In July, we celebrate our country's founding. Immigration is a significant part of our history, and it has changed over the years. Trisha, a Family Literacy instructor, is using the book What Was Ellis Island? by Patricia Brennan Demuth to teach about this part of America's history. Students have been learning about how Ellis Island started, its purpose, and what it has transformed into.
From 1892 to 1954, Ellis Island was the gateway to a new life in the United States for millions of immigrants. Many Family Literacy students are immigrants themselves, and some were unaware of how drastically the process had changed over time. Trisha explains that one thing that really stuck out to students is the medical tests that were required upon arriving at Ellis Island. Students discovered that it is not like today, where immigrants have to present paperwork from a doctor and proof of vaccination. Instead, immigrants went through tests on-site and, as issues were discovered, their clothing was labeled based on their ailment. For example, if they had heart issues, an “H” was drawn onto their clothes or if they had an issue with their eyes, a letter “E” was drawn. This was likely their way of dealing with a massive influx of people who couldn't understand English.
As part of lessons, students have an opportunity to hear the immigrants’ experiences in their own words through audio clips. They especially enjoyed hearing immigrants talk about the first time they tried “American” foods like tomatoes and sandwiches as they came through Ellis Island. One memorable story was about an Irish woman who was given a pizza and spit it out because it was "dreadful stuff," according to her. The stories go on to talk about how the immigrants learned to love it. These experiences resonate because a lot of our students remember having similar feelings when they tried American foods that were very different from what they were used to. They also read about the immigrants' staple foods, such as potatoes were for the Irish. The story explains how many Irish left Ireland due to a blight on the potato crops and the resulting famine. Students shared what their home countries' staple foods are and whether they still eat a lot of those foods now that they live in America. If your curiosity is piqued, click here to listen to some of these short oral histories yourself.
Students learned that women could not immigrate to the United States by themselves through Ellis Island. A male representative was required. If that representative had died, been lost, or could no longer be contacted, these women would be returned to their original countries. As women, many students found this shocking since several came here on their own or know a woman that came to the United States alone with her children.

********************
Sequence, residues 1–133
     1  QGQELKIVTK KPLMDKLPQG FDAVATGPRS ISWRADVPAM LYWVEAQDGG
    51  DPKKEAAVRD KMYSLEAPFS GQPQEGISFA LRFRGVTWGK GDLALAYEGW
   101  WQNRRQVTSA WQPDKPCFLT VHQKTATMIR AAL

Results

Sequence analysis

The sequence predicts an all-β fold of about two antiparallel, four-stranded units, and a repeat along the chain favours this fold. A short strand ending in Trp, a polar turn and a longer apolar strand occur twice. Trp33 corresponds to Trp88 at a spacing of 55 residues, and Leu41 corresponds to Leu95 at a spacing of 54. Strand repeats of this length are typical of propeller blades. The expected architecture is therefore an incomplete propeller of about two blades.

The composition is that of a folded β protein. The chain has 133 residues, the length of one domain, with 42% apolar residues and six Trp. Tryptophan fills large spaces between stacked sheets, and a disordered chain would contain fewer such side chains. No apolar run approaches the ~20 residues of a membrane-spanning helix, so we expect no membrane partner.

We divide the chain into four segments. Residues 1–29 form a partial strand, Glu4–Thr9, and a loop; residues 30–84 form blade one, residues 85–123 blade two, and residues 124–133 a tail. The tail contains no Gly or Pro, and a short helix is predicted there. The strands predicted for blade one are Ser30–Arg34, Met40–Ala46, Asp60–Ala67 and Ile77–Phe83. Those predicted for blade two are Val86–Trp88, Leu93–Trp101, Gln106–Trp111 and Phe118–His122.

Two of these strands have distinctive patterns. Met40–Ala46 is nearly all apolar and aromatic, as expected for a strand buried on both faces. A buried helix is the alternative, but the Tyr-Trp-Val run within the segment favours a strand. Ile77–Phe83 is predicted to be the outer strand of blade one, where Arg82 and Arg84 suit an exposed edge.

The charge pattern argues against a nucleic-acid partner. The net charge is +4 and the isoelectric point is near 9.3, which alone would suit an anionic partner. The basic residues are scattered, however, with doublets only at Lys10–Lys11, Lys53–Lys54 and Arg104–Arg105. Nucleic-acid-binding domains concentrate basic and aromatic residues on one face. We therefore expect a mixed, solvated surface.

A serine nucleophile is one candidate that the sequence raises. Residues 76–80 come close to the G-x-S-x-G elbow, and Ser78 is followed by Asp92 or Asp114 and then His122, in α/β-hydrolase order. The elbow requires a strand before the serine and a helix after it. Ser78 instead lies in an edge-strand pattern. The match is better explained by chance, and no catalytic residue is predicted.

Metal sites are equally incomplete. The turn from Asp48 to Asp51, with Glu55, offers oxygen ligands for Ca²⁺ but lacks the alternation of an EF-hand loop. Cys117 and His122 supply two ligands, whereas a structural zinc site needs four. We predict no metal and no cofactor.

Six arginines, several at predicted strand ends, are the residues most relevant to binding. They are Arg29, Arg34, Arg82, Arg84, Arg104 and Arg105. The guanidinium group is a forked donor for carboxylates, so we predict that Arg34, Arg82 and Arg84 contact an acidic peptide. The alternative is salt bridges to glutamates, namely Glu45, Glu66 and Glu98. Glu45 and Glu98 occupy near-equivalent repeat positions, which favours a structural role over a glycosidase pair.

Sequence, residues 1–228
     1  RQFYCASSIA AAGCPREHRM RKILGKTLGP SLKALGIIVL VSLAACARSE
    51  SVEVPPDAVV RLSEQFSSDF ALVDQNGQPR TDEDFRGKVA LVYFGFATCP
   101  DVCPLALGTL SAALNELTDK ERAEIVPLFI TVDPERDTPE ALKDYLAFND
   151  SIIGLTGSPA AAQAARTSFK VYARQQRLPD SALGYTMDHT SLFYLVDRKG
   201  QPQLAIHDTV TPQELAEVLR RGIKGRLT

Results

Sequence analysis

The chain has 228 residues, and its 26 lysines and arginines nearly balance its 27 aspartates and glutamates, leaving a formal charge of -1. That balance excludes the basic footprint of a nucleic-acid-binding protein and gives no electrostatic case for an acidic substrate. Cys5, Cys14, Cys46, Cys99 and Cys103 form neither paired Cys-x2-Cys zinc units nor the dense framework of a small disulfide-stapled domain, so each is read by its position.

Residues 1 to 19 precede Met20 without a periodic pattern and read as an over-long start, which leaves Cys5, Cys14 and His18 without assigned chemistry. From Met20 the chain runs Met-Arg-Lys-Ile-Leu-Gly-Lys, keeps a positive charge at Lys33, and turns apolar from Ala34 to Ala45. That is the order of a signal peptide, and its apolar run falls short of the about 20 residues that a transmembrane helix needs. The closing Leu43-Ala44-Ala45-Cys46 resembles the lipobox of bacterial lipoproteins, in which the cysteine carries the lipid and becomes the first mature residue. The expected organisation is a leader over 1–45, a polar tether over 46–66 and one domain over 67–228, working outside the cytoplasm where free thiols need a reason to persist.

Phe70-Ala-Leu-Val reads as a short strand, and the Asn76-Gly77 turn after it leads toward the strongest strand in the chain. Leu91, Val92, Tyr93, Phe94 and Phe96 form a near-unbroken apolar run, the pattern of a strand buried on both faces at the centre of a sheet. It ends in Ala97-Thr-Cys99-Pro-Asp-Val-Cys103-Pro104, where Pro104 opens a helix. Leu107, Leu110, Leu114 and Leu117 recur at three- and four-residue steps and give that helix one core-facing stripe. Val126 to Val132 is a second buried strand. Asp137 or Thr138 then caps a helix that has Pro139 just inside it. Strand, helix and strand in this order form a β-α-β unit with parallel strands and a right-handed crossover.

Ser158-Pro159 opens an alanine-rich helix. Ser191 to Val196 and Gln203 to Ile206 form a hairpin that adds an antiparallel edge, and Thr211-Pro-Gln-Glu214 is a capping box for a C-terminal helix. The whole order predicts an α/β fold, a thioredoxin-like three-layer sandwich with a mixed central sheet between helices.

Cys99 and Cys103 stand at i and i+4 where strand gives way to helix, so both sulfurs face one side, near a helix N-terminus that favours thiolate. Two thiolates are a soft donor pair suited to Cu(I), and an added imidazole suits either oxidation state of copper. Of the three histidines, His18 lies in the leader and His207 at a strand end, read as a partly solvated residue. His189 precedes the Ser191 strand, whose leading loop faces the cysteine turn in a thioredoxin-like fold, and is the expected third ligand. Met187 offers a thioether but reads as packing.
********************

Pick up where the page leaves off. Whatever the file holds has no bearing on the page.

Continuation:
The class has also been practicing their new digital literacy skills to explore Ellis Island through the virtual field trips on the Scholastic website and the National Parks Service Ellis Island website. Students have been comparing and contrasting their experiences to those of immigrants who arrived through Ellis Island. Students worked on writing and sharing new facts they learned as well as writing down questions they had. When a question arose, the class worked together to find the answer on the web.
Sometime in August, the class will take a virtual field trip to New York City's Tenement Museum. This museum is in New York's Lower East Side, in some of the exact buildings where the immigrants of the late 1800s and early 1900s used to live. The apartments are decorated just as they would have looked at that time. Students will hear the story of a particular family's experience and walk in their footsteps.
Literacy Pittsburgh (formerly Greater Pittsburgh Literacy Council) helps create better lives through learning. Recognized as a national leader in adult and family literacy, Literacy Pittsburgh is the largest provider of adult basic education in Allegheny and Beaver Counties. Last year, Literacy Pittsburgh helped more than 4,000 individuals acquire the skills needed to reach their fullest potential in life and participate productively in their communities. Literacy Pittsburgh provides free, personalized instruction in workforce readiness, high school diploma test preparation, digital literacy, English language learning, math, reading, and family literacy through one-to-one and small class instruction. Founded in 1982, it serves local adults through numerous neighborhood locations and its Downtown Pittsburgh Learning Center.